Please use this identifier to cite or link to this item: https://doi.org/10.1371/journal.pone.0254153
Title: Return of individual research results: What do participants prefer and expect?
Authors: Sayeed, Sabina 
Califf, Robert
Green, Robert
Wong, Celeste
Mahaffey, Kenneth
Gambhir, Sanjiv Sam
Mega, Jessica
Patrick-Lake, Bray
Frazier, Kaylyn
Pignone, Michael
Hernandez, Adrian
Shah, Svati H.
Fan, Alice C.
Krüg, Sarah
Shaack, Terry
Shore, Scarlet
Spielman, Susie
Eckstrand, Julie
Wong, Charlene A.
Issue Date: 29-Jul-2021
Publisher: Public Library of Science
Citation: Sayeed, Sabina, Califf, Robert, Green, Robert, Wong, Celeste, Mahaffey, Kenneth, Gambhir, Sanjiv Sam, Mega, Jessica, Patrick-Lake, Bray, Frazier, Kaylyn, Pignone, Michael, Hernandez, Adrian, Shah, Svati H., Fan, Alice C., Krüg, Sarah, Shaack, Terry, Shore, Scarlet, Spielman, Susie, Eckstrand, Julie, Wong, Charlene A. (2021-07-29). Return of individual research results: What do participants prefer and expect?. PLoS ONE 16 (7-Jul) : e0254153. ScholarBank@NUS Repository. https://doi.org/10.1371/journal.pone.0254153
Rights: Attribution 4.0 International
Abstract: Newer data platforms offer increased opportunity to share multidimensional health data with research participants, but the preferences of participants for which data to receive and how is evolving. Our objective is to describe the preferences and expectations of participants for the return of individual research results within Project Baseline Health Study (PBHS). The PBHS is an ongoing, multicenter, longitudinal cohort study with data from four initial enrollment sites. PBHS participants are recruited from the general population along with groups enriched for heart disease and cancer disease risk. Cross-sectional data on return of results were collected in 2017–2018 from an (1) in-person enrollment survey (n = 1,890), (2) benchmark online survey (n = 1,059), and (3) participant interviews (n = 21). The main outcomes included (1) preferences for type of information to be added next to returned results, (2) participant plans for sharing returned results with a non-study clinician, and (3) choice to opt-out of receiving genetic results. Results were compared by sociodemographic characteristics. Enrollment and benchmark survey respondents were 57.1% and 53.5% female, and 60.0% and 66.2% white, respectively. Participants preferred the following data types be added to returned results in the future: genetics (29.9%), heart imaging, (16.4%), study watch (15.8%), and microbiome (13.3%). Older adults (OR 0.60, 95% CI: 0.41–0.87) were less likely to want their genetic results returned next. Forty percent of participants reported that they would not share all returned results with their non–study clinicians. Black (OR 0.64, 95% CI 0.43–0.95) and Asian (OR 0.47, 95% CI 0.30–0.73) participants were less likely, and older participants more likely (OR 1.45–1.61), to plan to share all results with their clinician than their counterparts. At enrollment, 5.8% of participants opted out of receiving their genetics results. The study showed that substantial heterogeneity existed in participant’s preferences and expectations for return of results, and variations were related to sociodemographic characteristics. © 2021 Sayeed et al. This is an open access article distributed under the terms of the Creative Commons Attribution License, which permits unrestricted use, distribution, and reproduction in any medium, provided the original author and source are credited.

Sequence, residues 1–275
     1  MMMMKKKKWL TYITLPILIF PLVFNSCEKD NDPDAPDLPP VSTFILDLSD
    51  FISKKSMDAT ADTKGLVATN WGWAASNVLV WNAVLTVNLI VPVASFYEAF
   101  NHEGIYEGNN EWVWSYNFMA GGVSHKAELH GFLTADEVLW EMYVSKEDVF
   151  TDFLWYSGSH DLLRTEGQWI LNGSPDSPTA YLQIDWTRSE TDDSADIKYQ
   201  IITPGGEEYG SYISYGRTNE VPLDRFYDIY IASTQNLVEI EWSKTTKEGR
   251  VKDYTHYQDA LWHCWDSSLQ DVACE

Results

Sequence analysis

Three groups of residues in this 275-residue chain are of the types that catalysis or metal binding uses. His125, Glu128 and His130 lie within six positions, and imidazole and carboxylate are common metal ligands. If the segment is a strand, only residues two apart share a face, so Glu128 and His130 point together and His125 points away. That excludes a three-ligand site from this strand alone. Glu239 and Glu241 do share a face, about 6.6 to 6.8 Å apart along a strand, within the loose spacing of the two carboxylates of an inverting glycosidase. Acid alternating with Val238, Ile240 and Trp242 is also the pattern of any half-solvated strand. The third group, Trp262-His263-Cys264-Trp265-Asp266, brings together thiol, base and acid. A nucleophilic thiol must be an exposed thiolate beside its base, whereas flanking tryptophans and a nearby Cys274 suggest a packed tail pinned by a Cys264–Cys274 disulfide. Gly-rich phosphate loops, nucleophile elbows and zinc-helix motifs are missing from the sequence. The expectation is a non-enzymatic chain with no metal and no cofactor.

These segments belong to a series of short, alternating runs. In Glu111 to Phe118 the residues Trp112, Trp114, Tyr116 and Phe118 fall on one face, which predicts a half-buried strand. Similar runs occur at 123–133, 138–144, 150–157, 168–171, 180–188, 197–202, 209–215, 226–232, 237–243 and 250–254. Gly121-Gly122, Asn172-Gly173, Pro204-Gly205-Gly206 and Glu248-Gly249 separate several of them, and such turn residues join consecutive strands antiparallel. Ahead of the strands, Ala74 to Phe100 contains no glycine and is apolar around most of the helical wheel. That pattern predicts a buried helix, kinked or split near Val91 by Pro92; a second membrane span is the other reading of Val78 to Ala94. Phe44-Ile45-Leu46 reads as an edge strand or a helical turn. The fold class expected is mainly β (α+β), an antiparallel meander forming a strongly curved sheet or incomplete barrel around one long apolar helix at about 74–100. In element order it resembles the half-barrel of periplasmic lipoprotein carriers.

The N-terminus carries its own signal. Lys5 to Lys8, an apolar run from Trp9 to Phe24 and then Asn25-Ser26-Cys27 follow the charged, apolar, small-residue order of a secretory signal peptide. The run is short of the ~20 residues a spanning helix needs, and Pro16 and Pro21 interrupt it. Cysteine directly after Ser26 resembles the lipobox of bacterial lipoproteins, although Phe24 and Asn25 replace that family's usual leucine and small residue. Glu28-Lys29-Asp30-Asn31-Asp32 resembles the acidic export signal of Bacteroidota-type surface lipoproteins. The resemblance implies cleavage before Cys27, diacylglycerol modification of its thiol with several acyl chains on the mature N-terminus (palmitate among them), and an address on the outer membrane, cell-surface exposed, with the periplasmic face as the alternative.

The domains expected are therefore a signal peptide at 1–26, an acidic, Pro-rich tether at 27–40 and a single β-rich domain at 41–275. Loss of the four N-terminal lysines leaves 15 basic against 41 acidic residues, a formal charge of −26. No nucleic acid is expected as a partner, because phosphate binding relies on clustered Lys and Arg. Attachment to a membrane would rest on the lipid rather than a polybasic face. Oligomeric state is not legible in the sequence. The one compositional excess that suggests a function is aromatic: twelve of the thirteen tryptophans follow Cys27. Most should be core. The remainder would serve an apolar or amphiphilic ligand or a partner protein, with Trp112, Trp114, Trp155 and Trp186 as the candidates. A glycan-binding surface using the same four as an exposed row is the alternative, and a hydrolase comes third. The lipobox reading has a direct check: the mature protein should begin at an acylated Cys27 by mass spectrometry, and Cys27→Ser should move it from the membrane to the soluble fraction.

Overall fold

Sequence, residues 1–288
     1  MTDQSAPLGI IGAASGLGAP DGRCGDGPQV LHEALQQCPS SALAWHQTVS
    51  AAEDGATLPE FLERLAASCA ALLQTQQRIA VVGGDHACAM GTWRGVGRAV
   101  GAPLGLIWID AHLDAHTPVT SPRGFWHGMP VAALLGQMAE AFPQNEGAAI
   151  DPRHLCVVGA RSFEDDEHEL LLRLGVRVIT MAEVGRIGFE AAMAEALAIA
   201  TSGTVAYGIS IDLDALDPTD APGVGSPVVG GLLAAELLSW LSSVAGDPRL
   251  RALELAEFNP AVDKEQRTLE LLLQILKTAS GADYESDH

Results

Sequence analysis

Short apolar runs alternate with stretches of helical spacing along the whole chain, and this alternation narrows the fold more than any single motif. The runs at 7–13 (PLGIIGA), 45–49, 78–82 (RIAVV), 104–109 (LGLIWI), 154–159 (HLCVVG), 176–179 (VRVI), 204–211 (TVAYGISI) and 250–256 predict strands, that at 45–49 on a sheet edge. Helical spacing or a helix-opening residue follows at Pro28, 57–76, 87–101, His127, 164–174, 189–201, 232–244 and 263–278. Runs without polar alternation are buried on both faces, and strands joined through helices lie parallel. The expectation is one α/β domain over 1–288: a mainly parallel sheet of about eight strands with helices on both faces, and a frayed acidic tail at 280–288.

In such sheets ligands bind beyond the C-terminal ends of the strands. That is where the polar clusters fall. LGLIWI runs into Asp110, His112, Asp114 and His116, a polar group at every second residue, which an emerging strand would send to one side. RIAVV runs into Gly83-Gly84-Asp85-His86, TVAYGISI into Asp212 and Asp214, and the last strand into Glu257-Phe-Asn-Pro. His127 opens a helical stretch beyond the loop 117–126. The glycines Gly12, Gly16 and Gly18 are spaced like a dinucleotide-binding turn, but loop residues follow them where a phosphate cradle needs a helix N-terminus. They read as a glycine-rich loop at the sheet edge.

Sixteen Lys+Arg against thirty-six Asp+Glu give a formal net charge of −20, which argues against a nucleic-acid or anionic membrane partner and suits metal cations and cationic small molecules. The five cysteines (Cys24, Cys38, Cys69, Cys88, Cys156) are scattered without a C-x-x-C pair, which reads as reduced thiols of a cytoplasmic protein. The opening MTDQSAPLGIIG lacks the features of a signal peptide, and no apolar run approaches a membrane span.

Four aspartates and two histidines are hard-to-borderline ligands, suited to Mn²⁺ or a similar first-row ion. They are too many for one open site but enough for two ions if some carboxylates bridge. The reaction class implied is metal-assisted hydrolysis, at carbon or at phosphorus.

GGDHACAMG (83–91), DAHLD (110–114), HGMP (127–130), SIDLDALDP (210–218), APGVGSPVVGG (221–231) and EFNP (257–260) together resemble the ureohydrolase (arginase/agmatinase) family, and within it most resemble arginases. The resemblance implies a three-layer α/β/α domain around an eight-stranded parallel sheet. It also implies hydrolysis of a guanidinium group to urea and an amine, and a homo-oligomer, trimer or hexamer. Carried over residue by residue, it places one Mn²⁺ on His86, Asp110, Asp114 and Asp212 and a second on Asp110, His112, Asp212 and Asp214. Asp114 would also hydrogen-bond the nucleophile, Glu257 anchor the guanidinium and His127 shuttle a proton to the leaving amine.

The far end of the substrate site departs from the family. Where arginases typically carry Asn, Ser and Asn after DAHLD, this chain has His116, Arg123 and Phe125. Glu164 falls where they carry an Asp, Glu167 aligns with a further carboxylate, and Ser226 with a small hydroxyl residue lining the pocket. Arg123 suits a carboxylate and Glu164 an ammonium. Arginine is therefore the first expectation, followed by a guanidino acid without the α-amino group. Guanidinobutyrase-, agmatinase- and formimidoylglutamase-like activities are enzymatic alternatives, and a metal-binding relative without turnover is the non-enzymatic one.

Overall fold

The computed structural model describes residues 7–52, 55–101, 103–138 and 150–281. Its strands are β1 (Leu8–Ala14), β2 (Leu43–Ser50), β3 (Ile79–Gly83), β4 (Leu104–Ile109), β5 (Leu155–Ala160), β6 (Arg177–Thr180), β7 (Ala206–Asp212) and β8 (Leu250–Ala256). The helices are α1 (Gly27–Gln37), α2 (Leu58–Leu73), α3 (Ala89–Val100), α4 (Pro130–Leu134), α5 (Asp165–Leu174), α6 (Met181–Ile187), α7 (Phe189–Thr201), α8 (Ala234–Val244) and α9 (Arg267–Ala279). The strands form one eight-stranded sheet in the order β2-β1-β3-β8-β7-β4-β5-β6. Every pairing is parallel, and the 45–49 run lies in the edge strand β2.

Source Title: PLoS ONE
URI: https://scholarbank.nus.edu.sg/handle/10635/232439
ISSN: 1932-6203
DOI: 10.1371/journal.pone.0254153
Rights: Attribution 4.0 International
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